Mortality was lower in otogenic tetanus while it was higher in post­abortion and post-injection teta­nus. Tetanus following penetrat­ing injury carried higher mortality whereas tetanus following abra­sions had lower mortality. With head and face as the site of infec­tion, mortality was low while it was high when the site of infec­tion was a trunk.

Results were similar with dose of A.T.S. ranging between 5,000 and 60,000 i.u. and tetanus immune globulin, whereas mortality was high with higher and lower dose of A.T.S. or with no A.T.S.

Respiratory spasms, respiratory failure, respiratory complications and circulatory failure were the common causes of death.

 ¤ Acknowledgements Top

We are thankful to he Dean, King Edward VII Memorial Hospital, Bombay, for permission to publish the paper.[25][Table 5], [Table 6], [Table 7], [Table 8], [Table 9], [Table 10], [Table 11]

 ¤ References Top

1.Patel JC, Mehta BC, Goodluck PL. Tetanus. Experience with 4718 cases. Proceedings of First Inter­national Conference on Tetanus, Study Group of Tetanus, Bombay, 1965, p.l.  Back to cited text no. 1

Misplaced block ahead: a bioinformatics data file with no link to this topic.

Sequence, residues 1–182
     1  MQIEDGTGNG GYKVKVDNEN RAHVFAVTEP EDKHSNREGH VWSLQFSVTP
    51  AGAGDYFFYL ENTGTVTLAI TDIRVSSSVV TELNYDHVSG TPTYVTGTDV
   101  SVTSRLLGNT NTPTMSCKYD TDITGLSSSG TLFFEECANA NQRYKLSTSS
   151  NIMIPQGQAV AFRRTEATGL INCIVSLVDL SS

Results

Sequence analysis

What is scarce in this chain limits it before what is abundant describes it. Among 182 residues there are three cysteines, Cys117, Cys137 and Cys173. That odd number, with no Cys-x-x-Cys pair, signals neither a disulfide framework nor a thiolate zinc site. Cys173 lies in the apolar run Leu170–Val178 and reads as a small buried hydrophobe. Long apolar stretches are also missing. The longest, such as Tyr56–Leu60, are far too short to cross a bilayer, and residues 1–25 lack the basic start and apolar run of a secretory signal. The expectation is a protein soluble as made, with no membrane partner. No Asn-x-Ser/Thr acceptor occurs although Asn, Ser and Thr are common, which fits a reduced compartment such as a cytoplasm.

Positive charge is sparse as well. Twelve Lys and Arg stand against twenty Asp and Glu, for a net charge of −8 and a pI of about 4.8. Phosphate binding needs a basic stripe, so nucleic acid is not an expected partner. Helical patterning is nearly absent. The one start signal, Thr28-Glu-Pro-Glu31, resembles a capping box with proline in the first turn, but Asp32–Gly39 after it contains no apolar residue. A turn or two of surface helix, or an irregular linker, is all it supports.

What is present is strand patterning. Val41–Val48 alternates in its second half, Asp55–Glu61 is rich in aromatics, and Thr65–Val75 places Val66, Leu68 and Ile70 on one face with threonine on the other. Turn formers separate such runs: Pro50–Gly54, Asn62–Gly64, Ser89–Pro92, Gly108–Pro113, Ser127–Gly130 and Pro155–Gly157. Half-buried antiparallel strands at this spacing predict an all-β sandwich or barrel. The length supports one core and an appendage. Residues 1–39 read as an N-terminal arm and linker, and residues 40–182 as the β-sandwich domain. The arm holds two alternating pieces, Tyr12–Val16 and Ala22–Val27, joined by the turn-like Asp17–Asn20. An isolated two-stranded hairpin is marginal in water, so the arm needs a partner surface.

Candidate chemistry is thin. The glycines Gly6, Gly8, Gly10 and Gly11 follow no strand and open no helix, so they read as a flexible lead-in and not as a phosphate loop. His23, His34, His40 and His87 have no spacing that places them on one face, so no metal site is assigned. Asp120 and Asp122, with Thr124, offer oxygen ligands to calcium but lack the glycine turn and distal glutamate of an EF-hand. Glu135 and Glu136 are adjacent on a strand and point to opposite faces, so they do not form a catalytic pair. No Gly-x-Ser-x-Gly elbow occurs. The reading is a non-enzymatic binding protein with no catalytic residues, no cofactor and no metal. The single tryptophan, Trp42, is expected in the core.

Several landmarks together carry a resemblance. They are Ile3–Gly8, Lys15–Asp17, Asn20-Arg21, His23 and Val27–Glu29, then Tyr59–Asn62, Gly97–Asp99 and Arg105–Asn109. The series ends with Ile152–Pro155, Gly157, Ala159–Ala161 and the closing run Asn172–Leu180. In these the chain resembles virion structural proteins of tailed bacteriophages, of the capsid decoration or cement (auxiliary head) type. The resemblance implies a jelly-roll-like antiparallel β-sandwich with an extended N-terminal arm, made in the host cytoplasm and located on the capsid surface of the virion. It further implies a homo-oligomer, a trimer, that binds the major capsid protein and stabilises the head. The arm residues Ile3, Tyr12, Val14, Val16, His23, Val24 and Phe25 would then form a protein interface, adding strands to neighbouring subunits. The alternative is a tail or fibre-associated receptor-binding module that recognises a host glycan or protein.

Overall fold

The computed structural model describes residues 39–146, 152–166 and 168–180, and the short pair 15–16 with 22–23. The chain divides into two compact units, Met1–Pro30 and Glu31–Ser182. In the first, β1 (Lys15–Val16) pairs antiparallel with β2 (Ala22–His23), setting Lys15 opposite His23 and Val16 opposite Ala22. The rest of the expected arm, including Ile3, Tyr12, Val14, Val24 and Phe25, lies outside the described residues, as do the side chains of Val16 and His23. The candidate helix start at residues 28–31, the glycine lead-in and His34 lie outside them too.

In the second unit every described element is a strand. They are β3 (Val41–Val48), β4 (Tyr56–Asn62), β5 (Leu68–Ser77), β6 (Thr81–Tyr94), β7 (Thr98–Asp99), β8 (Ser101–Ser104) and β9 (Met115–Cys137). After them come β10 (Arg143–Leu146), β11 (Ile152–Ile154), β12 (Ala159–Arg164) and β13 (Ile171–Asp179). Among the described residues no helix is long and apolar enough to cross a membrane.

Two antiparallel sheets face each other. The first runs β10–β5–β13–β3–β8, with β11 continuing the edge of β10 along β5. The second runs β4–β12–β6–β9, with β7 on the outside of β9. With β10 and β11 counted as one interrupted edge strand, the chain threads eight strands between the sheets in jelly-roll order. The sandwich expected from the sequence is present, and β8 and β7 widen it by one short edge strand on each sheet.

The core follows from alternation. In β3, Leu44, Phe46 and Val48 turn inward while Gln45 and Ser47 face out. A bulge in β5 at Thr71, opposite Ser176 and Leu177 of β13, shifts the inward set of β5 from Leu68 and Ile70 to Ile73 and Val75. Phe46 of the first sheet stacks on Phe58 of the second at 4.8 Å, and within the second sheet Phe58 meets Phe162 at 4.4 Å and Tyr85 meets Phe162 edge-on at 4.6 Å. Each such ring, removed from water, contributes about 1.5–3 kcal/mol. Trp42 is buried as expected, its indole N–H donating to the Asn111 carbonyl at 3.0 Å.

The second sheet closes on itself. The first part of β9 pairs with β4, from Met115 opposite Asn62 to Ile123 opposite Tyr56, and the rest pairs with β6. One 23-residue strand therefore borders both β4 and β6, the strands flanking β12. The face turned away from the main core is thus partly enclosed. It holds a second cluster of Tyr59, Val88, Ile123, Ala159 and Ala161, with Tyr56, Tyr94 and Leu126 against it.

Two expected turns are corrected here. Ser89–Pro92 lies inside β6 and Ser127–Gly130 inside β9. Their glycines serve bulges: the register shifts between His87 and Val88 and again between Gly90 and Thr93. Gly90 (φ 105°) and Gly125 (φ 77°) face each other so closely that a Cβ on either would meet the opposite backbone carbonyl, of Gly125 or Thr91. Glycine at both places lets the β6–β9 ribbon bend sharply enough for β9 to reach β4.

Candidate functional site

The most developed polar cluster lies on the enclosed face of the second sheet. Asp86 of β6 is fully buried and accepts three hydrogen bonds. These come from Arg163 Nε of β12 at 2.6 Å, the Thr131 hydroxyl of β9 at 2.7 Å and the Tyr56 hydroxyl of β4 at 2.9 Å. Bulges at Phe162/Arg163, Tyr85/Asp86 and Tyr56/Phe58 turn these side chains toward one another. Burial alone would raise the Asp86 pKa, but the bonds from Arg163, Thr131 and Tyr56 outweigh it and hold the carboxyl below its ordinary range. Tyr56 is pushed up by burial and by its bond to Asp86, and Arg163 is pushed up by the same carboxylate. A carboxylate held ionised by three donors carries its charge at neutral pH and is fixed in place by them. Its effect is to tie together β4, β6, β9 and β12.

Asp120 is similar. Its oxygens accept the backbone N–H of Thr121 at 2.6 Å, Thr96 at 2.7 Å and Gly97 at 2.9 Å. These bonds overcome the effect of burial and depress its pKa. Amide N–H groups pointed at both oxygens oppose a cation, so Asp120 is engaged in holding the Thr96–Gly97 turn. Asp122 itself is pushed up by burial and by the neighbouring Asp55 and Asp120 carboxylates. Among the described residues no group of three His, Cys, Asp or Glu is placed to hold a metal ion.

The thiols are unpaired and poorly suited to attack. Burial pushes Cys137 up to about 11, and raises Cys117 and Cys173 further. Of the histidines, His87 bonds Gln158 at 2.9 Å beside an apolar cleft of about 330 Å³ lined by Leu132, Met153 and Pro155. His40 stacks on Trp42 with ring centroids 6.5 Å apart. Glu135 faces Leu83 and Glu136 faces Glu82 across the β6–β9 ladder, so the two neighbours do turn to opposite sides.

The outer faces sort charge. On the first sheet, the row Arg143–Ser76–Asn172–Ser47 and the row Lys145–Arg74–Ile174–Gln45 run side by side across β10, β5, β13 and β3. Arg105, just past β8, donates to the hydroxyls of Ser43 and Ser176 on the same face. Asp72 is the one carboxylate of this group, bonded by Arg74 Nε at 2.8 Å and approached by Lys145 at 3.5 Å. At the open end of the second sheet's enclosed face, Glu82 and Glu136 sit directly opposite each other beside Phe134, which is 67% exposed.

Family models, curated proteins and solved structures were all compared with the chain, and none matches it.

2.Patel JC, Mehta BC, Modi KN. Prognosis in Tetanus ibid, p. 181.  Back to cited text no. 2    
3.Cole L. The Prevention and Treat­ment of Tetanus. BMJ 1955:1:150­152..  Back to cited text no. 3    
4.Gordon JE, Singh S, Wyon JB. Tetanus in Villages of Punjab. An Epidemiologic Study. J Ind Med Assn 1961;37:157-161.  Back to cited text no. 4    
5.Matveyev MP, Paul SS. Study of Tetanus Cases. Ind J Child Hlth 1959;8:181-194.  Back to cited text no. 5    
6.Srivastav SP, Chatterji GG. Teta­nus J Ind Med Assn 1961:36:289­285.  Back to cited text no. 6    
7.Vener HL, Bower AG. Clinical Tetanus. JAMA 1941:116:1627-1637_  Back to cited text no. 7    
8.Moore RM, Singleton AO. Tetanus at the John Sealy Hospital. Surg Gyn Obst 1939;69:146-154.  Back to cited text no. 8    
9.Vinnard RT. Three Hundred and Fifty-two cases of tetanus. Surgery 1945;18:482-492.  Back to cited text no. 9    
10.Bhatt AN, Anwikar AK. Tetanus J Indian Med Assn 1962;38:71-75.  Back to cited text no. 10    
11.Cole L. The Prognosis of Tetanus. Lancet 1940;5:164-167.  Back to cited text no. 11    
12.Diaz Rivera RS, Deliz LR. Berio­Suarez J. Pencillin in Tetanus. A clinical analysis of 59 cases JAMA 1948:138:191-194.  Back to cited text no. 12    
13.Topley and Wilsons;: Principles of Bacteriology and Immunology. Ed­ward Arnold (Publishers) Ltd., Ed. IV. Vol. II, P:1957.  Back to cited text no. 13